Have you already done HPDE type events? I think doing at least a few of those does most people a lot of good.
 

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Heavy Metal Momentum
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I agree with Nick (I still consider myself a novice) You are going to learn a lot at the school and you'll learn a lot at any school, especially being a newbie. Have you thought about doing an HPDE or even some auto-x events first to get to know the feel of 'competition' driving? You'll learn alot either way you do it but you may walk away with a little more if you've put in a little seat time before the school. It took me quite a few events to really understand what I need to be doing vs. just understanding what the instructor is telling me. If you're like me you'll want to know why to put the car here vs. just where it needs to be.
HTH,
Brian
 

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b00bies!!!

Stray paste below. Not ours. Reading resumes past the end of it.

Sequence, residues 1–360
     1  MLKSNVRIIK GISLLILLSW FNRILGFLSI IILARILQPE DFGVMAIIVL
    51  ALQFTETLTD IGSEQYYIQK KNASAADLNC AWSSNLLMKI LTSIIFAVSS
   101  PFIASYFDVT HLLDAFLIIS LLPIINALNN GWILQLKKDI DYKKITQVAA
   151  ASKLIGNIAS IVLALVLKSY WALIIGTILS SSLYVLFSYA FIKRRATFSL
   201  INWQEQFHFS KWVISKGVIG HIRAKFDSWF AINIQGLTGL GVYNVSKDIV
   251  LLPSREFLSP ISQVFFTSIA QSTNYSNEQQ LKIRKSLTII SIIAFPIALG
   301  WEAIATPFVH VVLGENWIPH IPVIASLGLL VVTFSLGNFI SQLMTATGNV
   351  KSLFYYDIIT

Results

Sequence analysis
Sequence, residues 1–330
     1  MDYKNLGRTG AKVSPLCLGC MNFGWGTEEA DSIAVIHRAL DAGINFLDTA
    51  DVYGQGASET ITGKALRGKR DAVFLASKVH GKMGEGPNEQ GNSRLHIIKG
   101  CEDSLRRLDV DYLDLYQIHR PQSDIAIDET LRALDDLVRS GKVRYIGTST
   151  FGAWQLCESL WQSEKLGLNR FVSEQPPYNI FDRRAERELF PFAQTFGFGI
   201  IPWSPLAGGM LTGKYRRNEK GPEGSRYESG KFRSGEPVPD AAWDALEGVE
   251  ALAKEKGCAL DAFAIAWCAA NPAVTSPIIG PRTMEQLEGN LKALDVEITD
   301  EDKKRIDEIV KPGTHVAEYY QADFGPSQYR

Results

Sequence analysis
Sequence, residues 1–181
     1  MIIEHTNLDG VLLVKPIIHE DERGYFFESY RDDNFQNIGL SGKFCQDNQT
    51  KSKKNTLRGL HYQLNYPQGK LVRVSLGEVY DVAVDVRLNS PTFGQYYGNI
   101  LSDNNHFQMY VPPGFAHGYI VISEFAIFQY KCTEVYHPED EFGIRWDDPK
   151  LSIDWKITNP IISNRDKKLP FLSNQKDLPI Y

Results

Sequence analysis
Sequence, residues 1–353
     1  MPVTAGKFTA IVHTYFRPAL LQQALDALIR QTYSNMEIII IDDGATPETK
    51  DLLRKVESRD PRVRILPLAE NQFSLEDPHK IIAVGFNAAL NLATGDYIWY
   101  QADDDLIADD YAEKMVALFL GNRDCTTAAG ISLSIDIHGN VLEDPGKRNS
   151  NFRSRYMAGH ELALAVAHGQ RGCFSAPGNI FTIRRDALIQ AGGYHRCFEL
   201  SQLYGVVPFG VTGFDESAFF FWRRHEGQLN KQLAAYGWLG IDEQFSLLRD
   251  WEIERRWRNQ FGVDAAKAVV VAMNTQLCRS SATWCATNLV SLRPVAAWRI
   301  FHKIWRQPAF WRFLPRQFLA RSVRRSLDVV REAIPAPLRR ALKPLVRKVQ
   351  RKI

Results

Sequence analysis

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Discussion Starter · #4 ·
I have done a few auto-x's so i'm not a complete newbie but I have never done actual wheel-to-wheel racing. While I understand the importantance of seat time, I unfortunately cannot track my car or build a dedicated track vehicle without seriously affecting my race budget. I need to work my way up the ladder system andthe only way to do that is to participate in the program.
 

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Pedro TT said:
I have done a few auto-x's so i'm not a complete newbie but I have never done actual wheel-to-wheel racing. While I understand the importantance of seat time, I unfortunately cannot track my car or build a dedicated track vehicle without seriously affecting my race budget. I need to work my way up the ladder system andthe only way to do that is to participate in the program.
I would get the track time first before investing in the race school. I think you will get more out of the school that way.